The bumpy road to a successful scale-up: European Scale-Up Report reveals five key challenges

Unique view of the landscape and management of European scale-ups

Sophie Manigart

By Sophie Manigart

Professor of Corporate Finance

Veroniek Collewaert

By Veroniek Collewaert

Professor of Entrepreneurship

15 January 2020

The widely held belief that European scale-ups are mainly innovative tech companies is incorrect; they can be found in all sectors and at all levels of innovation. However we can identify major differences between sectors in terms of size and growth, with scale-ups that are active in IT and consumer goods and services leading the way. Scale-ups with external investors on board are more professionally managed and have made greater progress in terms of internationalisation, innovation and talent management. All the same, attracting additional funding proves very difficult and hampers their further growth ambitions.


These are some of the conclusions of a large-scale study conducted by Vlerick Business School on behalf of Professor Veroniek Collewaert, Professor Sophie Manigart and post-doctoral researcher Thomas Standaert used information about more than 80,000 scale-ups in 8 European countries as their starting point. They specifically investigated management practices by means of a targeted survey among 124 of these scale-ups.

The myth of innovative tech companies

The traditional image of scale-ups as high-tech companies is incorrect. Only 1 in 10 European scale-ups are active in the IT sector and only 4% in biotech or healthcare. In addition, only 1 in 4 scale-ups indicate that they have created a product or service that is new on a global scale; around 1 in 3 even state that they have nothing new at all. On average, therefore, scale-ups are not as innovative as is generally assumed. Scale-ups that are active in IT and biotech or healthcare are ahead of the rest.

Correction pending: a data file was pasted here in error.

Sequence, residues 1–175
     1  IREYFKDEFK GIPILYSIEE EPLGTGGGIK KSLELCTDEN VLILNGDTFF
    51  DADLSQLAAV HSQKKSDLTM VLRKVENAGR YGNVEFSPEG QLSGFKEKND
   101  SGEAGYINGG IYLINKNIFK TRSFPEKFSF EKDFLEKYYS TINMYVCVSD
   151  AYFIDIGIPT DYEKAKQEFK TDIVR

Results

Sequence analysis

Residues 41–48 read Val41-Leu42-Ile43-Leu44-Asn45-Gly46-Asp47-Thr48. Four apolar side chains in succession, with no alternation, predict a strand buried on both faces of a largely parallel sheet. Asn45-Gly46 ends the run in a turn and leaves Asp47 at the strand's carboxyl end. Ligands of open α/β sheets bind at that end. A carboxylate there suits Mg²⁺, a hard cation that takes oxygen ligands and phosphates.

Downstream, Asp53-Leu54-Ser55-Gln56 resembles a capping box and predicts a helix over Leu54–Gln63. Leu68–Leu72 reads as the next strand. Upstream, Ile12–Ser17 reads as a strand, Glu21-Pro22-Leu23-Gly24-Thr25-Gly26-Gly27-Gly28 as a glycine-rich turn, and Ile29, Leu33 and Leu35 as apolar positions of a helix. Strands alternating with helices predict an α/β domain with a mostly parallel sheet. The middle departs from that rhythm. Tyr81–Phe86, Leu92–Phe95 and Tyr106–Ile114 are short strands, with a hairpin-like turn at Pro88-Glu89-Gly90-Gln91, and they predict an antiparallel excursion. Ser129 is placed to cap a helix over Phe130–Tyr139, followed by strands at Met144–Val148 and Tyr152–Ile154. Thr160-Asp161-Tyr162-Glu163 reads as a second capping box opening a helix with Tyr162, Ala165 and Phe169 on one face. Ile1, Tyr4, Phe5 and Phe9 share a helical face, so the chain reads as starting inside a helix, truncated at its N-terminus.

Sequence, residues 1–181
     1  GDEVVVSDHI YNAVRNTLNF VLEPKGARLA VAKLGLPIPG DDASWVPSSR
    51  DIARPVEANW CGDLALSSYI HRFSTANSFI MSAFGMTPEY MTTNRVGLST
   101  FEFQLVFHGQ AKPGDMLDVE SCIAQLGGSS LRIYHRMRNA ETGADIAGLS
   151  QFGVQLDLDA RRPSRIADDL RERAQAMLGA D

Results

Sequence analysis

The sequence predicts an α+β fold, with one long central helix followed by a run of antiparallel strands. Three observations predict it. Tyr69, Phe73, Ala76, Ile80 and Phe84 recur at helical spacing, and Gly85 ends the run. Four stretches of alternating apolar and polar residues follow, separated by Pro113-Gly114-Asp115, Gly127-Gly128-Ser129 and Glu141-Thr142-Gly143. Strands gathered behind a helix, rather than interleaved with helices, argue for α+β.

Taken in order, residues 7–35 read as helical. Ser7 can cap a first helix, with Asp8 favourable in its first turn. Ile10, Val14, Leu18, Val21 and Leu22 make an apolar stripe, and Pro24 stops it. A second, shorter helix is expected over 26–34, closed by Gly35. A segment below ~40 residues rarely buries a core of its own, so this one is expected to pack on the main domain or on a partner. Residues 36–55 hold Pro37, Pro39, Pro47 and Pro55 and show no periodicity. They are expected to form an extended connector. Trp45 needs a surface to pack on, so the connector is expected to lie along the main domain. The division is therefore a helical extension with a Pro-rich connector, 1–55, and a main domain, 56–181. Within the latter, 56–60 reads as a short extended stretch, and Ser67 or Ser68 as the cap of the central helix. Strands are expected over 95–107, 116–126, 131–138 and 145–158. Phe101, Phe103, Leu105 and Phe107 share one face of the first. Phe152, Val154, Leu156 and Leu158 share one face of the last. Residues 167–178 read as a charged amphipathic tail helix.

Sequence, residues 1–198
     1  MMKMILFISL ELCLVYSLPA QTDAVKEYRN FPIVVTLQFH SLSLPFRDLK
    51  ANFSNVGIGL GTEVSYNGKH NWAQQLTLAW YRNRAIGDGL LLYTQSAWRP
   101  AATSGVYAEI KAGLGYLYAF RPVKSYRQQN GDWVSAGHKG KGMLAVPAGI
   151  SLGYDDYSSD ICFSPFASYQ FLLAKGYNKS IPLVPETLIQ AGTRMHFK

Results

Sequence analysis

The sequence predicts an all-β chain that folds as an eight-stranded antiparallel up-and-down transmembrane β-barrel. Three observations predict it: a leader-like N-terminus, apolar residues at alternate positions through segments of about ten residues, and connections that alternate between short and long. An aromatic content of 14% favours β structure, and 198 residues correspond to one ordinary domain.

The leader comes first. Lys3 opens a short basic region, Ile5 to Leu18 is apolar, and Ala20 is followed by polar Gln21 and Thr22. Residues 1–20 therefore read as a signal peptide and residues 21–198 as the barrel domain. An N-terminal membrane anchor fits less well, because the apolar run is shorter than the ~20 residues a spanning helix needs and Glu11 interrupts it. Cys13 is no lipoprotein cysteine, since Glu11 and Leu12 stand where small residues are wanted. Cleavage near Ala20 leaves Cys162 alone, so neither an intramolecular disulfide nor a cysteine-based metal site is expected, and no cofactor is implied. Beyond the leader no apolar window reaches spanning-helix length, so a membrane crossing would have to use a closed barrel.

The average European scale-up generated around 1.7 million euros in sales in 2017, 30% higher than the previous year. The growth was higher (38%) among European scale-ups active in the fields of consumer goods and services. This is mainly due to the exponential increase in B2C e-commerce companies (e.g. Zalando, ShowroomPrivé or Just Eat). IT scale-ups come second, followed by transport companies. These sectors are also doing better in terms of employment. In terms of aspirations for the future, it is mainly IT and biotech/healthcare companies that intend to continue along the same growth path.

Top 5 growth challenges

Merely having the ambition to grow is not enough. The report shows that scale-ups identify 5 major challenges that they struggle with when it comes to further growth. Across all five challenges, external financing makes a big difference: scale-ups that already have external investors on board are much more professional than those that rely mainly on their own resources. 

Jürgen Ingels, founder of “External financing is an important factor for increasing professionalism and growth. However, precisely this proves one of the biggest challenges for scale-ups. High-quality networking and matchmaking are therefore extremely important. The report shows the need for time squeezing and also the reason for our organisation's existence. If you aim to grow, seek out relevant investors and go for smart money. Let them pave the way to your success.”

Challenge 1: Recruitment and talent management

1 in 3 scale-ups regard finding and keeping employees as their number one challenge when it comes to further growth. However, scale-ups have not yet made much progress in the area of professionalising their HR departments:

  • Only 40% of scale-ups recruit abroad.
  • Only 25% of scale-ups use recruitment agencies or head hunters to attract the right talent.
  • Only 36% of scale-ups have an onboarding process for new employees.

It is mainly scale-ups with external funding that are much further ahead in terms of HR and would also benefit greatly from the development of a professional HR policy.

Challenge 2: Financing